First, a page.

-- Alison Frankel writes the On the Case blog for Thomson Reuters News & Insight (newsandinsight.com). The views expressed are her own. --
By Alison Frankel
NEW YORK, Sept 28 (Reuters) - Helen Chaitman of Becker & Poliakoff represents more than 300 investors who had accounts with Bernard Madoff. For more than two years she’s hammered away at one particular argument in federal bankruptcy court, in Congress, even on YouTube: Madoff bankruptcy trustee Irving Picard of Baker & Hostetler shouldn’t be allowed to demand the return of profits that Madoff investors pulled out of their accounts as long ago as 2002, six years before the Ponzi scheme imploded in December 2008. On Tuesday night, Chaitman finally found vindication, even though it wasn’t in any of her cases. Manhattan federal judge Jed Rakoff, ruling in Picard’s fraud case against the owners of the New York Mets, concluded that a section of the federal bankruptcy code precludes Picard from attempting to claw back money Madoff investors pulled out of the Ponzi scheme before 2006.
“This is something I’ve been saying from the beginning,” Chaitman told me. “Anyone who didn’t withdraw their money in the last two years (of Madoff’s scheme) is out completely.” Jonathan Landers of Milberg, who represents 30 clawback clients, agreed: “This is a very, very significant ruling.”
That’s putting it mildly. Judge Rakoff’s 18-page ruling could completely upend the Madoff bankruptcy. Among the big-name Madoff investors who would be off Picard’s hook completely if Rakoff’s ruling stands is former Securities and Exchange Commission general counsel David Becker, who is in hot water for allegedly failing to alert SEC commissioners of a potential conflict of interest stemming from his parents’ long-closed Madoff account. Picard had filed a clawback suit against Becker, who inherited money after his parents’ account was liquidated in 2002; Rakoff’s ruling would wipe out Picard’s suit. Other big winners from Rakoff’s ruling could be Madoff’s surviving children, who would still face a $58.7 million clawback claim for their two-year withdrawals but not claims on another $83.3 million they withdrew between 2002 and 2006, according to Picard’s 2009 complaint. Bank Medici founder Sonja Kohn’s clawback exposure would be reduced from $38.8 million to $11.2 million. Madoff’s early alleged enablers Frank Avellino and Michael Bienes would be looking at $17.2 million in clawback claims, not $56 million. Hard-luck Madoff investor Melvyn Weiss, the onetime securities class action kingpin who was convicted for paying kickbacks to name plaintiffs, won’t see much relief from Rakoff’s ruling. His two-year exposure is $17.5 million, only $2 million less than Picard’s six-year claim.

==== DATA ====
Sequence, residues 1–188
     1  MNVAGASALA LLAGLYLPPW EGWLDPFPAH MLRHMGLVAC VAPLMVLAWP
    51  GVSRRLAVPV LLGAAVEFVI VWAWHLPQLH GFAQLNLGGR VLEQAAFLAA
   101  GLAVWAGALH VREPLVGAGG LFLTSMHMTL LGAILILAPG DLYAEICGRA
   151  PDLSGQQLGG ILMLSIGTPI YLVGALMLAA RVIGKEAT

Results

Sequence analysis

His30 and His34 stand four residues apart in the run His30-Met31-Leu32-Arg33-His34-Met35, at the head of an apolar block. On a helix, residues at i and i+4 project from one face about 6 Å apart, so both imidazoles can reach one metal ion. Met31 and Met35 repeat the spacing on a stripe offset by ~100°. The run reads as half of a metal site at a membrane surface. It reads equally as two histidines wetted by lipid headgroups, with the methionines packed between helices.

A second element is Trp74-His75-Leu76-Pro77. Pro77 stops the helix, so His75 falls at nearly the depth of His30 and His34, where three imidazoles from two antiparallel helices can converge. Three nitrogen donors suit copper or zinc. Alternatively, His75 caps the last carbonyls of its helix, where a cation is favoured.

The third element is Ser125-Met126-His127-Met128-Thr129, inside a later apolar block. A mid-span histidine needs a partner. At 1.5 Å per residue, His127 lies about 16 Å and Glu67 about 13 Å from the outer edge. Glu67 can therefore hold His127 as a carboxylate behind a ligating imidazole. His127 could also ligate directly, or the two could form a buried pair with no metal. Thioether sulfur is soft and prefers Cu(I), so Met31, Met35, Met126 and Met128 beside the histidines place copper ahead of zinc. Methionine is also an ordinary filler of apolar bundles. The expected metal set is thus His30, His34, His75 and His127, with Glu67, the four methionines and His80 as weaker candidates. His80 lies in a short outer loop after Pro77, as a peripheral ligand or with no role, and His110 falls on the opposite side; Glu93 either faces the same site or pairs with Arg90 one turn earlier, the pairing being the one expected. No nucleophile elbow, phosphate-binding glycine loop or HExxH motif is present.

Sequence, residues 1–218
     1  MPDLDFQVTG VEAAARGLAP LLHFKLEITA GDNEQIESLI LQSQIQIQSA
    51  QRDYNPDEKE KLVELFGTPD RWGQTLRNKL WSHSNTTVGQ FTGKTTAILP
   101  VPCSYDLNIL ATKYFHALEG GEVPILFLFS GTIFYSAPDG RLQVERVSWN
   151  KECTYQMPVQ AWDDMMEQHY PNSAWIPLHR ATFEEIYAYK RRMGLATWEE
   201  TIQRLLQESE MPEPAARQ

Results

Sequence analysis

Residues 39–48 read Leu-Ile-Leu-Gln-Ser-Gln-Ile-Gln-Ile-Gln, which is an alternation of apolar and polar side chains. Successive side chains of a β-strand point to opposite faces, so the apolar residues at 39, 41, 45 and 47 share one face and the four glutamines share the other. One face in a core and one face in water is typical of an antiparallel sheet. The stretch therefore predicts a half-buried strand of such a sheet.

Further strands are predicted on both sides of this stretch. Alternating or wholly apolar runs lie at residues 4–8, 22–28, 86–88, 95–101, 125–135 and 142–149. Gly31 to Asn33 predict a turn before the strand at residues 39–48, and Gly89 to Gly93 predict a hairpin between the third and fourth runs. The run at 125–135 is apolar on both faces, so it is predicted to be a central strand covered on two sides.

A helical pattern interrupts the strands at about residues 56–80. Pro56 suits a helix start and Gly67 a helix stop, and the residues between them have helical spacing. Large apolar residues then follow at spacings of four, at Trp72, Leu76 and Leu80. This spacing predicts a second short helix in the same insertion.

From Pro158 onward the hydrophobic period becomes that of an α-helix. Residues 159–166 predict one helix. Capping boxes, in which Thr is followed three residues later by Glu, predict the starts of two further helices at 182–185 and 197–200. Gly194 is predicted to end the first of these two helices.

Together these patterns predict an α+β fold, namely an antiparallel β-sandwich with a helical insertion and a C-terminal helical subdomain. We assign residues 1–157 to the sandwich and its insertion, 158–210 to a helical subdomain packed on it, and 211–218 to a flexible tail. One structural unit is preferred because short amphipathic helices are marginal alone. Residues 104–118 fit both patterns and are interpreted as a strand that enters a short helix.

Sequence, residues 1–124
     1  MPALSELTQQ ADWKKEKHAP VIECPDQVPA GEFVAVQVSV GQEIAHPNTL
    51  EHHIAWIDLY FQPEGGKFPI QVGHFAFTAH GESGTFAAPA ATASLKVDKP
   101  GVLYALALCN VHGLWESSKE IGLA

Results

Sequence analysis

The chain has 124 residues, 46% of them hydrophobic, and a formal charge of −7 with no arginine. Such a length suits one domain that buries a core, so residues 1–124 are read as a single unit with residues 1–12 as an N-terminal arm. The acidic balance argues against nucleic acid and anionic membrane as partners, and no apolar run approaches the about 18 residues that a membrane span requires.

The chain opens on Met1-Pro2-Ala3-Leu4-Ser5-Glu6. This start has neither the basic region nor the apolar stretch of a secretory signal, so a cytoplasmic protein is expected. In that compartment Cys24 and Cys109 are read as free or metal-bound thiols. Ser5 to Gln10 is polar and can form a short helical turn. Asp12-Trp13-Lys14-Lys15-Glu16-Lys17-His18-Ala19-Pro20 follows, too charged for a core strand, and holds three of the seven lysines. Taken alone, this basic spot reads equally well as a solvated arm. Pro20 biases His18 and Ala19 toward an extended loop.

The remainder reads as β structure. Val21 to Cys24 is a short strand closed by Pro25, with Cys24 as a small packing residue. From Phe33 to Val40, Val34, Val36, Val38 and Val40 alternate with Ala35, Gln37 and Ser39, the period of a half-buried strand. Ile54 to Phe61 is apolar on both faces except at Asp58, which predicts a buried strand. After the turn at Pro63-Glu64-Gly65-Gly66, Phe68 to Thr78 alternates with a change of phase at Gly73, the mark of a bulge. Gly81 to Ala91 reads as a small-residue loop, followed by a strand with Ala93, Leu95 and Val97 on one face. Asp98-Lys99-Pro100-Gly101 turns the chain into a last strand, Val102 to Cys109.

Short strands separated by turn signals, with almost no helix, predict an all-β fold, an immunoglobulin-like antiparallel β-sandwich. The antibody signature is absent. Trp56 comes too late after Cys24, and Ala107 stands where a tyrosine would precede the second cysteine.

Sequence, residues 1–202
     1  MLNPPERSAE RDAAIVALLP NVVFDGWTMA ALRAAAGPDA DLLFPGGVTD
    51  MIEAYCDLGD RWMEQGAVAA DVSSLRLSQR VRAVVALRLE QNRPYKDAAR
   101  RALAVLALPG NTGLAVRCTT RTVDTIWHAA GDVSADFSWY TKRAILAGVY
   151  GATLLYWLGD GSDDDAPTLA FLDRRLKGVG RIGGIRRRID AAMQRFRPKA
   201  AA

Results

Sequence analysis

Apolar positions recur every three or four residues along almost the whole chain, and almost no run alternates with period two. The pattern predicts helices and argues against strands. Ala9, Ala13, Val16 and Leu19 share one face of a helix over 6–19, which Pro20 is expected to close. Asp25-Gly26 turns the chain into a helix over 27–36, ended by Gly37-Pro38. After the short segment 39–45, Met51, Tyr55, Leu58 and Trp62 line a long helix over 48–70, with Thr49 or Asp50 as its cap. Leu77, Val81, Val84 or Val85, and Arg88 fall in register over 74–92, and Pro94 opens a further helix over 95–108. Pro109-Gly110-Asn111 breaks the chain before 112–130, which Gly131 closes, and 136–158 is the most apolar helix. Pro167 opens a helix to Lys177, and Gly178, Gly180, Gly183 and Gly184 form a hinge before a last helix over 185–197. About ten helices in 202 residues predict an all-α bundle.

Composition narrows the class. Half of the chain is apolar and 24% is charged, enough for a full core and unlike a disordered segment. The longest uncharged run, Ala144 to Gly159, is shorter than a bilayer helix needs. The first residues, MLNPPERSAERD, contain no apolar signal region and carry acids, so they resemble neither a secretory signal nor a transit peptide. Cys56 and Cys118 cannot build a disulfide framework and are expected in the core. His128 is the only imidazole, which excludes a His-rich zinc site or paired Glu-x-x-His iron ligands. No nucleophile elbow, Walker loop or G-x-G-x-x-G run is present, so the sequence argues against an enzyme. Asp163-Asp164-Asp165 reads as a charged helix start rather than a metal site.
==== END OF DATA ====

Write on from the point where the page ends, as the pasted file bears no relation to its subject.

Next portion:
Under Rakoff’s ruling, Madoff mentor Jeffrey Picower’s clawback liability would have been slashed from $2.4 billion to a fraction of that amount. But according to Picower counsel William Zabel of Schulte Roth & Zabel, the reduction in Picower’s case is “irrelevant,” since his widow decided to return $7.2 billion to the Madoff estate to remove any taint from her foundation.
Picard has asserted a total of about $8 billion in clawback claims, seeking the return of fictitious profits withdrawn from Madoff Securities accounts. That total includes claims against the financial institutions, such as UBS, UniCredit, and HSBC, that allegedly abetted Madoff’s fraud. If Judge Rakoff’s ruling stands, about $5 billion of those clawbacks would be disallowed because the money was withdrawn before 2006.